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Rockies assign first players to Tri-Cities

Remember your first day of school? I used to treasure that feeling of walking in the door for the first time and experiencing the twinge of anxiety and excitement that often comes with life's great unknowns.

I got it again today when the fax machine began to whir and my boss — the great and powerful Jeff Morrow — picked it up and exclaimed, "Dust Devils roster unveiled!".

Because that's what the fax actually said.

So, instantly, I tackled him and ripped the fax out of his hand, eager to see what the Colorado Rockies, in their infinite wisdom, had graced Tri-City manager Fred Ocasio with for his fourth year as Dust Devils manager.

It was a pretty solid list of 21 players, a little over half of whom I had talked with before in previous stints in Tri-Cities. The remaining players I am eager to meet, as most everybody in the Northwest League is filled with more hope than ego — a formula that tends to get inversely proportionate at the big-league level.

Of course, I do feel for the players returning to Tri-Cities. Although the players definitely appreciate the fan support and the generous assistance from host families, it's never an encouraging thing to get held back from your draft class. Players ALWAYS want to be moving up the ladder, and when that doesn't happen it tends to become yet another source of stress in what is already a very competitive environment.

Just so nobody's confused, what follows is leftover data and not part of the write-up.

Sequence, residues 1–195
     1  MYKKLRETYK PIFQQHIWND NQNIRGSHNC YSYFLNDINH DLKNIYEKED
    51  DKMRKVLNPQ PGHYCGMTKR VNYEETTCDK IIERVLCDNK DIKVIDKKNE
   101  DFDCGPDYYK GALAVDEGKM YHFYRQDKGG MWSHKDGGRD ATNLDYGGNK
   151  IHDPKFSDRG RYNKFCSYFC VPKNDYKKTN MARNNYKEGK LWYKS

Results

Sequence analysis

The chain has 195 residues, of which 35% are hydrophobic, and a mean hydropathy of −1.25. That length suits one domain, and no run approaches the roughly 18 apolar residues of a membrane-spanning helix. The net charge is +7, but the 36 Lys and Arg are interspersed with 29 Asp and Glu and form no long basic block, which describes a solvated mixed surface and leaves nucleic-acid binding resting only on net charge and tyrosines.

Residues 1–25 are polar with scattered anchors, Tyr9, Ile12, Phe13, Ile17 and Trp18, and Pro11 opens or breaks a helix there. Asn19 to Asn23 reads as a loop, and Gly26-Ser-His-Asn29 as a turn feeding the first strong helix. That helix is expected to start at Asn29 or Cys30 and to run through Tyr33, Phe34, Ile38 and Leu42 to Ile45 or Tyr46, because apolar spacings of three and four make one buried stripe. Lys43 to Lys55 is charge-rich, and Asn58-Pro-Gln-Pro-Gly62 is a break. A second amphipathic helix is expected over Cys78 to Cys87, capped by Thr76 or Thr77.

Yet, I am pleased to see that Sheng-An Kuo will be back with the Dust Devils. The Taiwanese right-hander has had his ups and downs, but he pitched one of the more impressive games I have ever seen at Gesa Stadium in his 2008 finale. Also, his English had improved dramatically. He hardly spoke a lick of English when he first arrived in 2007, but by the end of last season he didn't even need a translator.

I am also looking forward to chatting more with Rod Scurry, Jr., a 6-foot-7 right-handed reliever and son of the late Pittsburgh Pirates pitcher Rod Scurry. He's a friendly, playful sort of guy and very well-spoken. It's also hard not to like his pitching philosophy.

"If there's guys on second and third with one out, the batter's going to get hit," he told me last season. Kind of made me smile.

Now I wonder if new pitching coach Darryl Scott will share that same philosophy.

One intriguing player to watch will be Scott Beerer, who was originally drafted in 2003 as a pitcher and played on the 2004 Tri-City roster. But he developed some arm trouble and eventually left the game in 2006. But after two years at home, he called the Rockies and asked if he could try to make it as a position player.

"We kept him here in extended (spring training), and he's got his arm strength back," said Ocasio, who compared the situation to that of Cardinals outfielder Rick Ankiel, a former top pitching prospect. "He's got a good bat, and defensively he does a good job. Hopefully he can get some at bats this year and ends up somewhere else. I don't think he wants to be in Tri-Cities all year long."

Yeah, Tri-Cities is a nice place, but who can blame a player for wanting to improve?

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